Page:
LANTANA, Fla. — One day after Title 42 expired, families are worried the process to file for immigration will take even longer.
"I’m hoping to live a peaceful life with the person I love and the family I want to create," Jack Guastella, the owner of Giacomo's pizza in Lantana, said Friday.
He said his fiancé and her son live in Mexico and filed for them to come to the U.S.
"I want her to do things the right way. I want her to get a license the right way. I want her to get an American passport," Guastella said. "I’ve thought about what it’s going to be like picking them up from the airport. I’m sure it’s going to be very emotional for everybody."
Two years into the process and he said he still no success.
"All the people trying to come in legally are being pushed aside and I don’t think that’s fair," Guastella said. “I want to get them here as fast as possible because I don’t know what’s going to happen now with all the craziness that’s going on at the border, and also look at the country she’s living in.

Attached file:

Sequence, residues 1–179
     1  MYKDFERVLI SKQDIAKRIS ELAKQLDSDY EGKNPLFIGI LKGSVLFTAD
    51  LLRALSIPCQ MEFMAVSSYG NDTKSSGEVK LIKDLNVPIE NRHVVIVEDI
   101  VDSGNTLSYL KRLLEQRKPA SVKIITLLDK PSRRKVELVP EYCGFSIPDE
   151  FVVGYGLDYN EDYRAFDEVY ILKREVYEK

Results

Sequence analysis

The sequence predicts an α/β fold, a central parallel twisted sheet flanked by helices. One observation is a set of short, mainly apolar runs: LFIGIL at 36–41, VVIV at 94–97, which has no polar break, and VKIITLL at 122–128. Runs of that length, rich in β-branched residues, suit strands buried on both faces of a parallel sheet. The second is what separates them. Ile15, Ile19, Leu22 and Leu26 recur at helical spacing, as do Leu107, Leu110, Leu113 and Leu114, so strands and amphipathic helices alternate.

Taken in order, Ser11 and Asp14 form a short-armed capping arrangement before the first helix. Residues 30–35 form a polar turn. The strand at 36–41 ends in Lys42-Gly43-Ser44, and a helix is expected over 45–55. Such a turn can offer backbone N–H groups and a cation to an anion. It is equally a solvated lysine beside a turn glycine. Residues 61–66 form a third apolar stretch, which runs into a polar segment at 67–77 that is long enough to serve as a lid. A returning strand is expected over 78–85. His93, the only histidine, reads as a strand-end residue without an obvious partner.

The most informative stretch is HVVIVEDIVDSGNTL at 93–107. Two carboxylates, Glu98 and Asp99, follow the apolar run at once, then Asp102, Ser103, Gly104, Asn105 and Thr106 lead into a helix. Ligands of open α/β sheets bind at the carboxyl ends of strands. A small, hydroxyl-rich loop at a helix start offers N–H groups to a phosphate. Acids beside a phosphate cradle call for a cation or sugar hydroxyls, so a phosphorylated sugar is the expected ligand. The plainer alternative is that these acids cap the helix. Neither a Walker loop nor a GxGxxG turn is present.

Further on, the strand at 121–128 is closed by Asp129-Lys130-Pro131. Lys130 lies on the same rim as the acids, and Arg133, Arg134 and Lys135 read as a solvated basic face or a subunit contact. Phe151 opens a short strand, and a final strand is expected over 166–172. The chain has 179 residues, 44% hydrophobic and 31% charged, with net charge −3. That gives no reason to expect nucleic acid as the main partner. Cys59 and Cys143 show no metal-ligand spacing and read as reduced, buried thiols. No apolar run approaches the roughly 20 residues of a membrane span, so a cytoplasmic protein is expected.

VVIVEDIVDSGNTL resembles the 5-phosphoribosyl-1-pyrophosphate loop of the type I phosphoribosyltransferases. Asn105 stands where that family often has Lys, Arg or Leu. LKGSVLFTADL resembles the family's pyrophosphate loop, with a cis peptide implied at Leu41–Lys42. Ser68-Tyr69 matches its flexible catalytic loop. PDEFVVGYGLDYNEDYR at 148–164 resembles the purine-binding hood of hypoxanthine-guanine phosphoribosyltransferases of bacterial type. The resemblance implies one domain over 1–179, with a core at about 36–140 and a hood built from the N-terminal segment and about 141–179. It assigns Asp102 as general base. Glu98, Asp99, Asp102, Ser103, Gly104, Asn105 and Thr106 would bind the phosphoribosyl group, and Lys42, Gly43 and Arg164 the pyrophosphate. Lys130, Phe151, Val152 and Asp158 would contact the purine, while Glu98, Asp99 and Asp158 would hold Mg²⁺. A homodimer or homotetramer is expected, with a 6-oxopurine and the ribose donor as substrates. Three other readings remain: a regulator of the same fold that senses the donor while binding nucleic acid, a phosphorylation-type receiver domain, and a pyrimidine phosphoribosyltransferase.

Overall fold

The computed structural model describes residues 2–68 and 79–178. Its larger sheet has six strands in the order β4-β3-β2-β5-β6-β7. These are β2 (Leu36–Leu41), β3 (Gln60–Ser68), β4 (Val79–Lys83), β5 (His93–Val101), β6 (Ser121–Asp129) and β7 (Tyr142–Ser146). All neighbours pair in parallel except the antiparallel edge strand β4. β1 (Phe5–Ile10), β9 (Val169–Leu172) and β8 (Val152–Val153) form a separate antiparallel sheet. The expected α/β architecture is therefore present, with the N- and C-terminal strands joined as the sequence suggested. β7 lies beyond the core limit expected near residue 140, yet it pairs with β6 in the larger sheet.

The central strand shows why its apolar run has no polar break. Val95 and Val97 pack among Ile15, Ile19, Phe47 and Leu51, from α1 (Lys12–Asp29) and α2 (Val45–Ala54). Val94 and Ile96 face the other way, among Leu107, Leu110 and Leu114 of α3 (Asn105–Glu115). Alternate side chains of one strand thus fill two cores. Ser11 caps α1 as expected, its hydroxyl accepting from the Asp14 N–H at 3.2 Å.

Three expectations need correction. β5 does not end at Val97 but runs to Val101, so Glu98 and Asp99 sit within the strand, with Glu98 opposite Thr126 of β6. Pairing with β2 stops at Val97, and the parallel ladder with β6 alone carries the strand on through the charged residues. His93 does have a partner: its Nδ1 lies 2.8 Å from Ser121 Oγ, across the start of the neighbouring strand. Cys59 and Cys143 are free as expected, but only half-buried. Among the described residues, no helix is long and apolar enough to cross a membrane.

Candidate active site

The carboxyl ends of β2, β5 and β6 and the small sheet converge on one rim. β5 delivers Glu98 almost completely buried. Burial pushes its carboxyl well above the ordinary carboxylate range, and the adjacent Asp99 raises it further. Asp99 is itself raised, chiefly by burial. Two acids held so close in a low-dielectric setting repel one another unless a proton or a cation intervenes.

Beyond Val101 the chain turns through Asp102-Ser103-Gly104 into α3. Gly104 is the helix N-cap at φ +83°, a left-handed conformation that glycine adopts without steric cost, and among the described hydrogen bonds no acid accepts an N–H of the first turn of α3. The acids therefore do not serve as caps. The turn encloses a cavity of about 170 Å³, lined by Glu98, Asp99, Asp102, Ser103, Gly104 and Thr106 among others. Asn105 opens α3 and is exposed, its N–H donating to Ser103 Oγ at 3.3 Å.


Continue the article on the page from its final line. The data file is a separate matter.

Guastella’s immigration attorney, Richard Hujber, said with the end of Title 42, he expects there will be an influx of applicants, which will drown what he says is an already flooded system.
Palm Beach County
New Florida law has migrants seeking attorneys' advice in effort to stay
“I’ve got hundreds of cases in my office so not a single asylum case from the Miami asylum office has had any movement or any activity or action for well over two to three years now,” Hujber said.
Hujber said he has eight to 10 new appointments on a daily basis and is preparing to be all hands-on deck situation.
“I don’t want more quantity to make a few more bucks. I want to be able to do work that makes a difference in people’s lives for people that actually have a meritorious case,” Hujber said.
Hujber said despite the hurdles and the backlog, families need to process their immigration the legal way as they’ll be better off in the long run.